Australia’s banking watchdog will stick with its timetable to implement new liquidity rules and won’t widen the range of permissible assets, declining to follow global peers who have softened their stance.
New South Wales raised A$2.5 billion ($2.6 billion) in the biggest-ever sale of floating-rate notes by an Australian state, tapping demand from banks seeking to increase their holdings of liquid assets.
Goldman Sachs Group Inc. will pay $14.4 million to resolve regulatory claims that a former banker made improper campaign contributions to the treasurer of Massachusetts while seeking underwriting business.
The Australian Prudential Regulation Authority said it amended standards to allow local banks to issue covered bonds, after parliament passed legislation last week authorizing sales of the asset-backed securities.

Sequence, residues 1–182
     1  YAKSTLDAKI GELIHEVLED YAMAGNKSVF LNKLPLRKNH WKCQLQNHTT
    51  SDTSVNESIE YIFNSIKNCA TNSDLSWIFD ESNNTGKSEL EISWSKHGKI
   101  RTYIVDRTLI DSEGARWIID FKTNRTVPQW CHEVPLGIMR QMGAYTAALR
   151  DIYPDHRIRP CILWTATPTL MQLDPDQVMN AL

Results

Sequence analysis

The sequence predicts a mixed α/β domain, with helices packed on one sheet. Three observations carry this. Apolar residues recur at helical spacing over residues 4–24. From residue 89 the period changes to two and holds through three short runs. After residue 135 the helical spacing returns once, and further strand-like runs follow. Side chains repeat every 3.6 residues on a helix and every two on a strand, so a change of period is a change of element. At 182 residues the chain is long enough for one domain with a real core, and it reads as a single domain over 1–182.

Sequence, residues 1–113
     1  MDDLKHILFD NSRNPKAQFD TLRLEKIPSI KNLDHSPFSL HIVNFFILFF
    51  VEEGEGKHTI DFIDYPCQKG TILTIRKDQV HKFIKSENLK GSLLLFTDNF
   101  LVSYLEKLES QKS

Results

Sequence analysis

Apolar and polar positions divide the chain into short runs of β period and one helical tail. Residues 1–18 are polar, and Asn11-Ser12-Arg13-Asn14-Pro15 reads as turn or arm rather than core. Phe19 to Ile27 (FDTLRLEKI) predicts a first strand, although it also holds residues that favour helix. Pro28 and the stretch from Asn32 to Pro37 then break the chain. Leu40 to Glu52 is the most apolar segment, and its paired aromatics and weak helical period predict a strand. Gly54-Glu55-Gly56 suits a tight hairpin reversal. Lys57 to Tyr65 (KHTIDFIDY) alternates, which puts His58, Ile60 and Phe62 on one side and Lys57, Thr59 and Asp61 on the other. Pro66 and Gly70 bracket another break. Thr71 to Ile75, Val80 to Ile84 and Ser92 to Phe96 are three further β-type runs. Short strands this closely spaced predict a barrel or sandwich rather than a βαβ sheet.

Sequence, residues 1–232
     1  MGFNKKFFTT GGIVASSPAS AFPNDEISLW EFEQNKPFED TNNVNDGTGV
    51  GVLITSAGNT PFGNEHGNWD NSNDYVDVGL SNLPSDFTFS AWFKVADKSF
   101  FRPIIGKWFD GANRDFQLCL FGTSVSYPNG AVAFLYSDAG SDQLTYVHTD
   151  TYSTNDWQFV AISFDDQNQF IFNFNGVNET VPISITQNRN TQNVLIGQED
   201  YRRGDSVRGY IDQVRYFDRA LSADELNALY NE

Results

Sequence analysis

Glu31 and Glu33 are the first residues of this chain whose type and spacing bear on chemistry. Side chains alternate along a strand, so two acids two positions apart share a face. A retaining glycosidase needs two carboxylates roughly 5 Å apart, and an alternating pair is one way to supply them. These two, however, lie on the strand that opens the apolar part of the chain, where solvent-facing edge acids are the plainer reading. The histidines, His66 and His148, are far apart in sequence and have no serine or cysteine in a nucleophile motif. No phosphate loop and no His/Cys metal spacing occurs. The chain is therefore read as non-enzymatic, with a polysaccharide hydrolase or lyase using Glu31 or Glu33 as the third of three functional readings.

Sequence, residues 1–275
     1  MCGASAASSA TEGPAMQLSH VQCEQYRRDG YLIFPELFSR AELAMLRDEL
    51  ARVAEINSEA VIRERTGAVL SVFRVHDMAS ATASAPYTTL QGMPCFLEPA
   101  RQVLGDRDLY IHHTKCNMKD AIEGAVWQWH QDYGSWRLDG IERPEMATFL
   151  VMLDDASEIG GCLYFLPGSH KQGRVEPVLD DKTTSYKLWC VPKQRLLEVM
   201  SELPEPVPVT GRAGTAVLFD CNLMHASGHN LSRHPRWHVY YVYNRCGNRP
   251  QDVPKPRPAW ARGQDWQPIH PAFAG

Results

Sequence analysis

Australia’s Prime Minister Julia Gillard may be forced to follow U.S. Federal Reserve Chairman Ben S. Bernanke by increasing mortgage purchases as house prices slump and the nation’s biggest banks extend their grip on the home-loan market.
Sales of bonds by top-rated overseas borrowers in Australia have evaporated following a record start to 2011 after the nation’s banking regulator ruled they don’t qualify under new international capital rules.